HEPATITIS C FACTS

  • 3.9 million Americans are estimated to be living with hepatitis C – the leading cause of catastrophic liver damage (cirrhosis), liver cancer and the most common reason for liver transplants.
  • Up to 75 percent of individuals living with hepatitis C do not realize they are infected because the disease often takes years, or even decades, to cause symptoms.
  • While the virus remains undetected, causing potentially life-threatening liver damage, individuals can unknowingly transmit the disease to others.
  • Hepatitis C is most prevalent among baby boomers, who are five times more likely to be infected. In fact, more than 75 percent of Americans living with hepatitis C were born between 1945 and 1965.
  • Hepatitis C disproportionately affects minority Americans. Prevalence of the virus is 3 percent among African Americans and 2.6 percent among Latinos, compared to 1.5 percent of the general population. Prevalence is highest among American Indians.
  • Unless current trends are reversed, the CDC predicts that deaths due to the virus will double or even triple in the next 20 years.

Source: The Centers for Disease Control & Prevention

A GROWING THREAT TO THE LATINO COMMUNITY

The hepatitis C virus is a public health crisis for all Americans, yet it is particularly harmful to Latinos, which are the fastest growing minority group in the United States. Within the Latino community, the prevalence of hepatitis C is 2.6 percent – much higher than the national average of 1.5 percent. Even more concerning, studies indicate that hepatitis C infections are on the rise among Latinos. According to the Centers for Disease Control and Prevention (CDC), the prevalence of the virus rose 23.5 percent for Latinos from 2010-2011, compared to 21.4 percent during 2000-2010.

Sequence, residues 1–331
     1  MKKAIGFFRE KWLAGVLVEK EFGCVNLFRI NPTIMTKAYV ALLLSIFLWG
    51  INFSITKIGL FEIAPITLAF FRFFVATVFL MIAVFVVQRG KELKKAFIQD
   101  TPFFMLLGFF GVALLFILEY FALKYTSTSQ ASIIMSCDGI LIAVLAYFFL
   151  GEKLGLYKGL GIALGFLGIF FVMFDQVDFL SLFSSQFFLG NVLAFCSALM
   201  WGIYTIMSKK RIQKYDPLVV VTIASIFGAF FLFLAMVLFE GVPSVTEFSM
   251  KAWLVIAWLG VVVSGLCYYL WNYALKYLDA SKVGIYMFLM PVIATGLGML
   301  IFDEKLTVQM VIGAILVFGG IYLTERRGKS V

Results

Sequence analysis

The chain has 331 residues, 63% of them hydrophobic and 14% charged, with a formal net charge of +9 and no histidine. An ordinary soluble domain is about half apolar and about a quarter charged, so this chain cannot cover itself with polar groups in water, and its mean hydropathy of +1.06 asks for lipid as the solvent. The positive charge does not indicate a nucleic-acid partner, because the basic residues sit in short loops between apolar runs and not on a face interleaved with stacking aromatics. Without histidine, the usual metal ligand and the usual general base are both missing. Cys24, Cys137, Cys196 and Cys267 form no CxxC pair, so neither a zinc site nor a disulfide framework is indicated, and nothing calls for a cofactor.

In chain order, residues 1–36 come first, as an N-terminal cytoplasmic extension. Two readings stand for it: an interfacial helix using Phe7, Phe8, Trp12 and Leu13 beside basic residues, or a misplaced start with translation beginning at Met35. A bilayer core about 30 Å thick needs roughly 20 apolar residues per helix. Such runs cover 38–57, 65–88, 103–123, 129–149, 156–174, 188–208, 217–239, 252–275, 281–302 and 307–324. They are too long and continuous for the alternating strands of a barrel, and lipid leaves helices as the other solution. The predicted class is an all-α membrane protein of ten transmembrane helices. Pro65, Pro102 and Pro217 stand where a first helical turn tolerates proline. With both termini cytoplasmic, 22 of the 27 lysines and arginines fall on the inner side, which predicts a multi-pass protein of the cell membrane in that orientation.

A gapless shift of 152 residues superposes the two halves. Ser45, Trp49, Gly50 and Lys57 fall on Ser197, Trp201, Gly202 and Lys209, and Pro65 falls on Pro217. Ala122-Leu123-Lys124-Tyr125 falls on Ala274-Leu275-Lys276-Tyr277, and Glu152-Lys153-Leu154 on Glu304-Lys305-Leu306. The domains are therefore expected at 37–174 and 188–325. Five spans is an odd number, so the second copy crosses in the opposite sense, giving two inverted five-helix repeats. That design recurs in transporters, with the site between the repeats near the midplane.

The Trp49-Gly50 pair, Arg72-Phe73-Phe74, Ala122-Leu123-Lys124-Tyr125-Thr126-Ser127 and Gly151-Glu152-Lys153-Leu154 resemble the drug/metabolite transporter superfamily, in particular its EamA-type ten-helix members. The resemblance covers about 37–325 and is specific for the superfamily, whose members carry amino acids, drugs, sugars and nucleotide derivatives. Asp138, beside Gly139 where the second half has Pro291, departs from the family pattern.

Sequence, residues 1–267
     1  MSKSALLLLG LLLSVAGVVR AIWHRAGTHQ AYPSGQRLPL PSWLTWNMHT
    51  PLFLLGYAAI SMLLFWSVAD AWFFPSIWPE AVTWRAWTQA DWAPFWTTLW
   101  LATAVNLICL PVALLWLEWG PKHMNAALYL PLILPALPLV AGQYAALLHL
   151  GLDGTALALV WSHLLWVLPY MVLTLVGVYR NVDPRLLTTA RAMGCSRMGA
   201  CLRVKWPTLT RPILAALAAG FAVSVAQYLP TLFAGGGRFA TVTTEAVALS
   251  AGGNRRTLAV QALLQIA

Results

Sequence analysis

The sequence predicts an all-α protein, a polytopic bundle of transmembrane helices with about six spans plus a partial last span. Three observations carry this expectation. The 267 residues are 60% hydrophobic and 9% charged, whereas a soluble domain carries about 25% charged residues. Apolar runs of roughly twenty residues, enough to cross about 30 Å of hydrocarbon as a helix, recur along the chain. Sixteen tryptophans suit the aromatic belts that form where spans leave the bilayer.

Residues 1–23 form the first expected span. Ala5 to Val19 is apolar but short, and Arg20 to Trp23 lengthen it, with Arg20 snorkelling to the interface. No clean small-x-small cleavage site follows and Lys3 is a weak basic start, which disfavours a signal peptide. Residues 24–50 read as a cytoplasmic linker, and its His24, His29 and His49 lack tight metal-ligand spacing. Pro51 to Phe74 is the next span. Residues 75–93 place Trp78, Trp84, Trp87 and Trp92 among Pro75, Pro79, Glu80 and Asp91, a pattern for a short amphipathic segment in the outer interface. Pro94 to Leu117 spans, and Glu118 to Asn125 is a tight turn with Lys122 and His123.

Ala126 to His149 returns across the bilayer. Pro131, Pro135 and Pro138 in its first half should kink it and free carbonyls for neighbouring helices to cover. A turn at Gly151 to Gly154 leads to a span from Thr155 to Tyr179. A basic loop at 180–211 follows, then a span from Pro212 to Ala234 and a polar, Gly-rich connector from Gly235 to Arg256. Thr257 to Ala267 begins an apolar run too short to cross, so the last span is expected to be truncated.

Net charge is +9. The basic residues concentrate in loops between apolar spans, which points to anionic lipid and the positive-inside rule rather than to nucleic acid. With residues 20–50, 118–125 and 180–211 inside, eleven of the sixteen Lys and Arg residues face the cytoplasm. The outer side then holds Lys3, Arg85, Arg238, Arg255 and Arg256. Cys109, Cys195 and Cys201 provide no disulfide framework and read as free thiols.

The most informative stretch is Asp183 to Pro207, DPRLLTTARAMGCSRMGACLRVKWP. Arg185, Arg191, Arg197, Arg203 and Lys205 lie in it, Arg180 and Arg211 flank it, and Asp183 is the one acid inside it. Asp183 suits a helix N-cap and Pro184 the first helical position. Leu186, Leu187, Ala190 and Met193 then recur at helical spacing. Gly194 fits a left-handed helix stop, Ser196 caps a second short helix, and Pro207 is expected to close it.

KNOWN AS THE SILENT KILLER, HEPATITIS C IS INCREASINGLY COMMON AMONG LATINO AMERICANS, YET OFTEN STAYS UNDIAGNOSED UNTIL THE VIRUS HAS ALREADY TAKEN ITS TOLL.

HEPATITIS C: BOTH RAMPANT & POTENTIALLY DEADLY WITHIN THE LATINO COMMUNITY

In addition to a higher rate of hepatitis C infection, Latinos have a higher hepatitis C mortality rate. CDC data for the year 2013 shows the hepatitis C mortality rate per 100,000 people was 4.4 for Caucasians and 6.91 for Latinos. A National Institute of Health (NIH) study determined Latinos with viral hepatitis have faster liver fibrosis progression rates, are infected at an earlier age, and are more likely to be HIV co-infected – all aspects which make this community especially vulnerable to the liver disease, cancer and other deadly conditions resulting from hepatitis C.

Fortunately, new hepatitis C treatments are now available that can cure the virus in most people. Unlike older, interferon-based regimens, which has debilitating side effects and are only effective half of the time, innovative therapies offer cure rates exceeding 95 percent while causing minimal side effects.

IMPROVEDACCESS TO SCREENING & EFFECTIVE CARE IS CRITICAL TO ADDRESSING THE THREAT OF HEPATITIS C AMONG LATINOS

Testing is crucial to treating hepatitis C, but because the virus is often asymptomatic for years or even decades, many at-risk individuals, including Latino Americans, are not screened. Research from the CDC and medical journals suggest that Latinos are less likely to get screened than the general population – even in the presence of other known risk factors.

Now that cures are available, it is critical to increase awareness, screening, and linkage to effective care for Latinos and other at-risk individuals so that we can finally turn the tide on this silent killer.